|Publication number||US4363870 A|
|Application number||US 06/301,203|
|Publication date||Dec 14, 1982|
|Filing date||Sep 11, 1981|
|Priority date||Sep 11, 1981|
|Also published as||CA1148007A, CA1148007A1, DE3248914C2, EP0088086A1, WO1983000937A1|
|Publication number||06301203, 301203, US 4363870 A, US 4363870A, US-A-4363870, US4363870 A, US4363870A|
|Inventors||Eric W. Bouldin|
|Original Assignee||Drexler Technology Corporation|
|Export Citation||BiBTeX, EndNote, RefMan|
|Patent Citations (5), Non-Patent Citations (1), Referenced by (13), Classifications (22), Legal Events (8)|
|External Links: USPTO, USPTO Assignment, Espacenet|
1. Technical Field
The invention relates to a process for making a reflective laser recording and data storage medium.
2. Background Art
The use of fine grain photo emulsion for the preparation of a reflective laser recording material was first disclosed by J. Drexler in U.S. patent application Ser. No. 131,288, generally corresponding to German Offenlegungsschrift No. 3,002,911. In that application, a processed black filamentary silver emulsion was converted to a reflective non-electrically conductive recording medium by heating at a temperature in the range of 250° C. to 330° C. in an oxygen containing atmosphere until the surface developed a reflective appearance. This laser recording material worked effectively with lasers of visible wavelengths, but its recording sensitivity fell by a factor of three for semiconductor lasers, which generate light in the near infrared at about 830 nm. The high temperatures of the process preclude the use of plastic film substrates commonly used for photographic films.
In U.S. Pat. No. 4,278,756 to E. W. Bouldin and J. Drexler, a reflective data storage medium is described. A reflective silver recording layer is derived from silver-halide emulsion through a silver diffusion transfer process. No heating was required to create the reflective surface; reflectivities up to 25% of green light were achieved. However, the recording sensitivity of this material was less than that of the process described in the aforementioned U.S. patent application Ser. No. 131,288, which yielded reflectivities up to 17%.
In U.S. Pat. No. 4,278,758 to J. Drexler and E. W. Bouldin, a reflective medium was disclosed derived from a silver-halide emulsion through a diffusion transfer process. In this medium the recording sensitivity at green laser wavelengths was greatly improved over that described in U.S. Pat. No. 4,278,756 and even somewhat higher than that achieved by the medium described in the aforementioned U.S. patent application Ser. No. 131,288. It was necessary, however, to add an annealing step at a temperature of 250° C. and above to achieve the desired results. Although the recording sensitivity was very good with a green laser at 514 nm and with a red laser beam at 633 nm, it fell off by a factor of three when the laser wavelength was increased to 830 nm.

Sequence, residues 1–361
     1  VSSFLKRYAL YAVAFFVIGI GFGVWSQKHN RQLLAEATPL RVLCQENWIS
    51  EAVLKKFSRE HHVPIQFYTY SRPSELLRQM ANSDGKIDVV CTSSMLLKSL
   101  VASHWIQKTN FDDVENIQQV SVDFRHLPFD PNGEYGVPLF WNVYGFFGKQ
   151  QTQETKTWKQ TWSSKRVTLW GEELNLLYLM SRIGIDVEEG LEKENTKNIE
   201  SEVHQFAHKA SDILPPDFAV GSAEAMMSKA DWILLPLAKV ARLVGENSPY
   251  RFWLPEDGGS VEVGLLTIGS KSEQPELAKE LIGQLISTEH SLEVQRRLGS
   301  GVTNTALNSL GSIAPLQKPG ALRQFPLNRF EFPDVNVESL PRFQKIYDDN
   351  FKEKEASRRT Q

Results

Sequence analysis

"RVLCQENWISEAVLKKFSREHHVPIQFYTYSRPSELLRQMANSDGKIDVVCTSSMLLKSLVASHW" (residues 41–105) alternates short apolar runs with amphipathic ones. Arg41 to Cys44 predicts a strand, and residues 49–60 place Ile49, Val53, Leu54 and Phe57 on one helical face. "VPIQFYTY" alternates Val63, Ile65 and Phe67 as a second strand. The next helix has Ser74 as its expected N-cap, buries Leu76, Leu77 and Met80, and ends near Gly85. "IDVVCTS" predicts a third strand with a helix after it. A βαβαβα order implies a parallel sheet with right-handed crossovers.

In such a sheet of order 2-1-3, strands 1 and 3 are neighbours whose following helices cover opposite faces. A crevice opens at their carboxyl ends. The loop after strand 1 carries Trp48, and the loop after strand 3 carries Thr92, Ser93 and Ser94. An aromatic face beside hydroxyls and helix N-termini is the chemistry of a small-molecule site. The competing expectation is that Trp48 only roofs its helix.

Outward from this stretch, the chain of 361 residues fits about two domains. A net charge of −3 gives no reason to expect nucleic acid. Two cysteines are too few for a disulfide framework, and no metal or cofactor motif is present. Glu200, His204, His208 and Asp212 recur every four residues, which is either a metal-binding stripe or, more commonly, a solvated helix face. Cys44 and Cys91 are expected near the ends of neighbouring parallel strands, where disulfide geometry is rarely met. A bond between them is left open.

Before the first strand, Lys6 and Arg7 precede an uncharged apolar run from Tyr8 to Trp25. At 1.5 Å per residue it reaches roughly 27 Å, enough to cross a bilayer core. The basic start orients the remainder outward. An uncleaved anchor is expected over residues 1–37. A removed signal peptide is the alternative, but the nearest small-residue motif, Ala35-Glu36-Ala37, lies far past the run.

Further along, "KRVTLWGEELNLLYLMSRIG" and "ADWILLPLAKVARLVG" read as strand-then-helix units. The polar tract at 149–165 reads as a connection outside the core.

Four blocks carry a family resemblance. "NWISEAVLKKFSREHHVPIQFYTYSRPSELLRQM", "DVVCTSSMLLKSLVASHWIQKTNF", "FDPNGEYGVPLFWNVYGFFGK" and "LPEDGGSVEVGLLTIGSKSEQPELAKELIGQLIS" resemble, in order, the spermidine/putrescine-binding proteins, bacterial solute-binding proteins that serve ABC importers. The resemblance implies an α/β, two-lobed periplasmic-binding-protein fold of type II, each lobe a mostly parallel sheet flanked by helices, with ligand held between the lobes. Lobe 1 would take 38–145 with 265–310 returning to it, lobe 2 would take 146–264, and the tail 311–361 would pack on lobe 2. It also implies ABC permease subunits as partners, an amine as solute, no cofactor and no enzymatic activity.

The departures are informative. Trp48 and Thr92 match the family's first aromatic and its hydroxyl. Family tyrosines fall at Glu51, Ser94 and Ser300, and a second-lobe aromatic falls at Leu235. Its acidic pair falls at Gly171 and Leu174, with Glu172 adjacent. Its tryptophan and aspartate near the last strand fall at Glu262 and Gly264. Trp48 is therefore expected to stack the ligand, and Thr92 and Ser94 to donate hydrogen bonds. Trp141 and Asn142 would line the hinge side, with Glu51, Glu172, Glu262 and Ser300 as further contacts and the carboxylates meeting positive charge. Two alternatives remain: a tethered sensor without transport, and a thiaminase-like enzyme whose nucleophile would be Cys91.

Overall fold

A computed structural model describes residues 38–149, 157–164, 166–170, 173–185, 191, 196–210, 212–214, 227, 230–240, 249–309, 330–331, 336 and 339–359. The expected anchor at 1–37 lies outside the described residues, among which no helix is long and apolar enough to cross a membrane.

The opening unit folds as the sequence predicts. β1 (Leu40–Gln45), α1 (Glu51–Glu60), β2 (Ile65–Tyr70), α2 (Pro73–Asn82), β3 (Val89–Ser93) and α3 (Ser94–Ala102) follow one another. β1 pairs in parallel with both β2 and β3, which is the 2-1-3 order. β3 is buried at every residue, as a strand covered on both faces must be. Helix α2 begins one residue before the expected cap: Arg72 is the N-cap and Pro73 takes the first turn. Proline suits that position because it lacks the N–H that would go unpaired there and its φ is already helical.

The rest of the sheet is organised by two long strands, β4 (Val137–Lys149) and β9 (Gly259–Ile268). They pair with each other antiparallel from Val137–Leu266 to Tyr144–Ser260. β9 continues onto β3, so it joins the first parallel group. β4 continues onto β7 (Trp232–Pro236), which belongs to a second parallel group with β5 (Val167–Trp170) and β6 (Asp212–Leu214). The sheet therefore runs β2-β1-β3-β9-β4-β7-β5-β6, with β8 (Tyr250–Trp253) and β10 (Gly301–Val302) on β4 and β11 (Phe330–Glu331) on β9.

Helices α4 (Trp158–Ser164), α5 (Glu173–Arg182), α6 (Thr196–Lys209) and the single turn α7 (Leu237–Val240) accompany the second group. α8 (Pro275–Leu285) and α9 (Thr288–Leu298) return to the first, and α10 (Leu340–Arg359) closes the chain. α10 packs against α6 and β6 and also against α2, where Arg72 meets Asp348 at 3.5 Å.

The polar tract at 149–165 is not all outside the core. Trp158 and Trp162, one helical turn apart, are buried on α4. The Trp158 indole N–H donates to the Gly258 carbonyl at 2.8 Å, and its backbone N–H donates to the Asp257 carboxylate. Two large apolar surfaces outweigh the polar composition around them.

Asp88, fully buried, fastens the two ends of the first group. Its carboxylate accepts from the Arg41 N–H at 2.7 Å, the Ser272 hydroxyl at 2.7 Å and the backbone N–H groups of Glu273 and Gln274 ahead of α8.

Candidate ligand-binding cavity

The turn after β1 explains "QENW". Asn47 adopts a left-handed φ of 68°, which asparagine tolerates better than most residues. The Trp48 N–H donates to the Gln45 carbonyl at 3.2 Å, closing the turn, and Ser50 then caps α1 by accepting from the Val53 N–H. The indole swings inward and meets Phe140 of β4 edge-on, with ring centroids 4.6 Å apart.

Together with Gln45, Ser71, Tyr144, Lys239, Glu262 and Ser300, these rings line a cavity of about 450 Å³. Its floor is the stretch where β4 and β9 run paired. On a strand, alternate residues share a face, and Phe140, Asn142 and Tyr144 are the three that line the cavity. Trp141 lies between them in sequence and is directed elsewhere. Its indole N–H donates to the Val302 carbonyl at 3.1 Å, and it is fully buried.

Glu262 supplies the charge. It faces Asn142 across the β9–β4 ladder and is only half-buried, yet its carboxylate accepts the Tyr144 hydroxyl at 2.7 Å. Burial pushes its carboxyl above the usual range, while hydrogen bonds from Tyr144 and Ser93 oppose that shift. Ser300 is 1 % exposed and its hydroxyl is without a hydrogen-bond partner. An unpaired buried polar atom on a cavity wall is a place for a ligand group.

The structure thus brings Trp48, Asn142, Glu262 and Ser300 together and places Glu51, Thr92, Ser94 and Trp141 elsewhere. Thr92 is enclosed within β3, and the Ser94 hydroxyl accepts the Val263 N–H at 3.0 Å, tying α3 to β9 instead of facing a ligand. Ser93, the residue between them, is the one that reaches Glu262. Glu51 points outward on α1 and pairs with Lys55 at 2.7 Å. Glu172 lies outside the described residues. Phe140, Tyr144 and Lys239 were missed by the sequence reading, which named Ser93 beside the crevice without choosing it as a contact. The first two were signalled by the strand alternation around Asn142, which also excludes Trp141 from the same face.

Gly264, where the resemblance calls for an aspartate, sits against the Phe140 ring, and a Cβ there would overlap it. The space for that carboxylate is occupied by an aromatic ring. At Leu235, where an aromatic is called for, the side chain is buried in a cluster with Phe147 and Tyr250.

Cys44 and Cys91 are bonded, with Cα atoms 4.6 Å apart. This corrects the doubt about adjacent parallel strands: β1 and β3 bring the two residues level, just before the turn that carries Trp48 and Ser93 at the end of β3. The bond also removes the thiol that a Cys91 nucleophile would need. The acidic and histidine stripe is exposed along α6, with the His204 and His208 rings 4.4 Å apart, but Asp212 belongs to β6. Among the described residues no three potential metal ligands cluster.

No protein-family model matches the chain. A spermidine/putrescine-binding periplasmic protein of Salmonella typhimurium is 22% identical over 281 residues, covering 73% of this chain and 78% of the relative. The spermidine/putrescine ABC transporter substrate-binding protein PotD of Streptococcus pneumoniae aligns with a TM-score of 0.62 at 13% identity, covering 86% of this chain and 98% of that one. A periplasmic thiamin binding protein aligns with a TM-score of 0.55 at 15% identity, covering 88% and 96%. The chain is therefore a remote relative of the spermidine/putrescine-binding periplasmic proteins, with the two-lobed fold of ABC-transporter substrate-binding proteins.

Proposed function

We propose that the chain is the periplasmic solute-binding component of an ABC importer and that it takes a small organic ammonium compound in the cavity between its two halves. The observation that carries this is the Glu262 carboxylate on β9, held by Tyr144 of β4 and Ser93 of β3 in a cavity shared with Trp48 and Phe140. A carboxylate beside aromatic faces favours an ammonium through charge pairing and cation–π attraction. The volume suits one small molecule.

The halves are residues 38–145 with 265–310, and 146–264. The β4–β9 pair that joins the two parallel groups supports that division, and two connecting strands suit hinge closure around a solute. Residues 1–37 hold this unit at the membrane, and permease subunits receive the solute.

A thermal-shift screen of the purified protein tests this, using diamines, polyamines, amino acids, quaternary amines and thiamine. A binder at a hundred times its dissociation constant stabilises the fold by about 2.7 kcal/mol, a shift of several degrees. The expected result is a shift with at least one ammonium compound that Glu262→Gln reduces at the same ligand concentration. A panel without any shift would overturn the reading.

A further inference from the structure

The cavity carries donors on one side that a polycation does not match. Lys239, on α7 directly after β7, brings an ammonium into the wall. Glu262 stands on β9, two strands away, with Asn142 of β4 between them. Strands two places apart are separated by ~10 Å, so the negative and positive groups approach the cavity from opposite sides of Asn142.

In U.S. Pat. No. 4,284,716, Drexler and Bouldin addressed the problem of retaining recording sensitivity in the red and infrared wavelengths while retaining use of common plastic substrates through avoidance of the thermal annealing step. This was achieved by combining the two known forms of chemically reduced silver metal, spheroidal and filamentary, at the surface of the reflective recording material.
The process by which this was achieved involves use of fine grain photographic emulsion which is given a weak light exposure and then treated in a strong chemical developer. This developer contains no silver-halide solvent and thus proceeds through chemical development or "direct development" to produce amorphous filaments of silver metal, which are highly absorptive of red and near-infrared light. The photographic emulsion is then briefly contacted with a chemical fogging solution which is a strong silver ion reducer. Small silver nuclei are now created at the top of the emulsion surface because of the non-penetrating nature of the fogging solution's solvent and the briefness of the contact. When the photographic emulsion is immersed in a monobath containing a developing agent and a silver-halide solvent, silver ions from throughout the emulsion are transported to the thin layer of nuclei at the emulsion surface and there reduced to silver metal by the developing agent. Silver metal reduced from a solution onto nuclei is a process known as "solution physical development". The silver formed this way is often in the form of regular octahedrons or spheroids. When these spheroids are large and/or numerous enough, they can grow into each other to form agglomerates which by virtue of their regular faces or high volume concentration reflect visible and near-infrared light. This invention, then, made use of the absorptive filamentary silver in an intimate dispersion with reflective spheroidal silver to produce a sensitive laser recording material that could be prepared through room temperature chemistries.
This process has proved to be less than ideal in a manufacturing environment in several respects. There are no less than three washing steps overall and a mid-process drying step before the fogging solution to avoid uneven reflectivities. A problem of mottle or uneven reflectivities is aggravated by the variations across the plate in emulsion thickness. Areas of greater emulsion thickness had a higher concentration of silver ions to reduce on the nuclei and thus lead to areas of higher reflectivity. Uneven reflectivities would appear as electronic noise to a read laser tracking the surface at a fast rate. Mottle or variations in process uniformity were also introduced in the critically short fogging step and were dependent upon the efficiency of the post-fogging wash.